1 Apr 2005 freetype   » (Master)

Shared Libraries and Memory Usage on Linux

I've written a small program to measure the 'memory payload' of using shared libraries on Linux. What it shows is the amount of private process memory that is taken by the simple fact of _linking_ a program to a shared object. This corresponds roughly to the following data:

  • the specific position-independent-code tables, like the GOT, PLT and DLT. These are automatically generated by the dynamic loader. The more functions the library imports/exports, the bigger these tables are. They also explain why _any_ shared library uses at least 4 KB/process.

  • any writable static data used by the library itself.

  • finally, any absolute pointer constant found in the library, since these cannot be placed within PIC code. Any C++ shared library is going to have all of its vtables in the .data section for this reason.

Note that this does not include the memory used by the libraries when they're used (e.g. when allocating from the heap with 'malloc').

The code is available here. Python 2.1 or above required.

Results are interesting. On my work system (RedHat 7.3), the biggest "eaters" are the following:

 process     KB    KB per    library
   count  total   process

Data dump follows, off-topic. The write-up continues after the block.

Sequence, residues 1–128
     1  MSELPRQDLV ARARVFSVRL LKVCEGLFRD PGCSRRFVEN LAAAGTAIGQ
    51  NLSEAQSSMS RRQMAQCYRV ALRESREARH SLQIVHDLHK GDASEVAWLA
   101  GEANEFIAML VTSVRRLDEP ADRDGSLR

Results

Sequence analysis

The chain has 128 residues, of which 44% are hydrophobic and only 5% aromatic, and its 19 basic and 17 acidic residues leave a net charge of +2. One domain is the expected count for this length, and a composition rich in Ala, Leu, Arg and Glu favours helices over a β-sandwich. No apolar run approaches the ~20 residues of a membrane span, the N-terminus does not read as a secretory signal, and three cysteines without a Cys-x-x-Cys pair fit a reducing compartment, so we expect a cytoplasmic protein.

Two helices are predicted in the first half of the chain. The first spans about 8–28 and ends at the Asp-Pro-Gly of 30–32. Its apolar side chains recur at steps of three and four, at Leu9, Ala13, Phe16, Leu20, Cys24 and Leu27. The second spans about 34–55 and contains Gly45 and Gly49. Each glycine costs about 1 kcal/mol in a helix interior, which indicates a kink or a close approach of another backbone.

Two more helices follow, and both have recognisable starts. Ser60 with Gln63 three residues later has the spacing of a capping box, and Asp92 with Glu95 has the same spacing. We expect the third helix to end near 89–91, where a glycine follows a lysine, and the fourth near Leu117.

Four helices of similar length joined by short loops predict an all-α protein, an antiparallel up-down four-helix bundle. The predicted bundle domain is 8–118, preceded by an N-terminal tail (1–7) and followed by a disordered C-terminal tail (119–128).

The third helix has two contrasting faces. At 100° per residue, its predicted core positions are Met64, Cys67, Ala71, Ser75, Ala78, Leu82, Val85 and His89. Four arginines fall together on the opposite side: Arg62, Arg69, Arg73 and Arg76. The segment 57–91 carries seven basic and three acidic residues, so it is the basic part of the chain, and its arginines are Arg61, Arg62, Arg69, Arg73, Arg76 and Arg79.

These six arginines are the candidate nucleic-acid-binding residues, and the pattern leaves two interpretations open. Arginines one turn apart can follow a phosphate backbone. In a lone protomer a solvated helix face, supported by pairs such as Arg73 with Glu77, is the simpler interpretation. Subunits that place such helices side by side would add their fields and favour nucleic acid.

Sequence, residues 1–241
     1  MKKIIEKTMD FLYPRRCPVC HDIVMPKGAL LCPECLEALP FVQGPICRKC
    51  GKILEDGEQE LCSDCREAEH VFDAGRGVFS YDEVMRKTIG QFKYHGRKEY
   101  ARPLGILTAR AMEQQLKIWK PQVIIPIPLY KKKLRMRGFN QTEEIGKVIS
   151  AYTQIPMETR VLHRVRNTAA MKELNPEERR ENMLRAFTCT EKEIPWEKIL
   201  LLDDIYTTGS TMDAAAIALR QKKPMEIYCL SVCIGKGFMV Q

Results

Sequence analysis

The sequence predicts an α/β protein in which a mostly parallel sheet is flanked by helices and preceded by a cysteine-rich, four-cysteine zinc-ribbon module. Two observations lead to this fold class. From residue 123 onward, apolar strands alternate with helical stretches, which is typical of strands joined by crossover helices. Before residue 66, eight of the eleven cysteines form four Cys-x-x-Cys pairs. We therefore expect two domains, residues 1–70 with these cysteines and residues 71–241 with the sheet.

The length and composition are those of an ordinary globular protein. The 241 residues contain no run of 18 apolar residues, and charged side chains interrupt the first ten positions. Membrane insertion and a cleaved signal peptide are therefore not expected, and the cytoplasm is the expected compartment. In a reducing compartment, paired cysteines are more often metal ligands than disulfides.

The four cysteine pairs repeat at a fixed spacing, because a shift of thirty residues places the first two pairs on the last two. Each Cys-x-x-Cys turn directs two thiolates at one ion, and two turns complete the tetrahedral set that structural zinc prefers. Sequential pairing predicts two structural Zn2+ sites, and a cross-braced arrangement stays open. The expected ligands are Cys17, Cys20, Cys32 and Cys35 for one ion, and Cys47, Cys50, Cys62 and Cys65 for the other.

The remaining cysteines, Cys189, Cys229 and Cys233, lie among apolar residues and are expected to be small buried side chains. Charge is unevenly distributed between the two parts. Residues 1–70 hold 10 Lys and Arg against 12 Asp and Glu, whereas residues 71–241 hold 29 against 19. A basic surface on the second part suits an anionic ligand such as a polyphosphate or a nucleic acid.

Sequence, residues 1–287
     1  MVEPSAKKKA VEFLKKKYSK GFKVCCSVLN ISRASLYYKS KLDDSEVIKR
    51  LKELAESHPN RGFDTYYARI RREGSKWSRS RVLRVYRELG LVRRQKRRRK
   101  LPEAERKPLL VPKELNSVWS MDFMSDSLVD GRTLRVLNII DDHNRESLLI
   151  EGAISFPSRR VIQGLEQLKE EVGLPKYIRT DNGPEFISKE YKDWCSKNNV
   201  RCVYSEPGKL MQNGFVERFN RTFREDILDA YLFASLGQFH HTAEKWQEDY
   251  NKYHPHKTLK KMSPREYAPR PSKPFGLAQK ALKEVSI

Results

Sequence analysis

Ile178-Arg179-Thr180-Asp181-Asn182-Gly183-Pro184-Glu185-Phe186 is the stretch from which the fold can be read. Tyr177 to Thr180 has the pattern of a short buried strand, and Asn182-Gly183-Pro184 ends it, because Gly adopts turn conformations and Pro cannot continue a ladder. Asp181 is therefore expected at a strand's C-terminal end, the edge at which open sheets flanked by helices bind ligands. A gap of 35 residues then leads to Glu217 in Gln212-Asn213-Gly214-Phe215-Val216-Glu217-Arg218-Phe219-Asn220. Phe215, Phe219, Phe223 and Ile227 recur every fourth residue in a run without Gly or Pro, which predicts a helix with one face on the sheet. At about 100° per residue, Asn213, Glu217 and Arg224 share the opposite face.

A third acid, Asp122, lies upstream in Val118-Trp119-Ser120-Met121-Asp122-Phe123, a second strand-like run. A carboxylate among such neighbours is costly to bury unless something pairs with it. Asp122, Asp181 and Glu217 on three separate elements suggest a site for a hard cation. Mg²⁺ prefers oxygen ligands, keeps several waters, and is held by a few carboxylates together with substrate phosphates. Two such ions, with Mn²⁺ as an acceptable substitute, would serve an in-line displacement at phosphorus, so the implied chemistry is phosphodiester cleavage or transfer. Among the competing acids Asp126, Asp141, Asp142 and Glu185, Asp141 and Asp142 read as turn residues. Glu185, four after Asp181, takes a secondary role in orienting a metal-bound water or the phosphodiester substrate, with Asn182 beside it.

8   1312       164    /usr/lib/qt-2.3.1/lib/libqt.so.2.3.1
      59   1180        20    /lib/i686/libc-2.2.4.so
       8    768        96    /usr/lib/libkdeui.so.3.0.0
      18    576        32    /lib/i686/libpthread-0.9.so
       5    440        88    /local/dturner/opt/lib/libstdc++.so.5.0.5
      19    304        16    /usr/X11R6/lib/libX11.so.6.2
       8    256        32    /usr/lib/libkdecore.so.3.0.0
      59    236         4    /lib/ld-2.2.4.so
       8    224        28    /usr/lib/libstdc++-3-libc6-2-2-2.10.0.so
       4    192        48    /lib/libcrypto.so.0.9.6b
total payload = 10044 KB

This seems pretty reasonnable, though there are some surprises here (it's an XFCE desktop with only two KDE apps opened, no KDM !). I'd better run the script on more recent distributions to see how they compare however.

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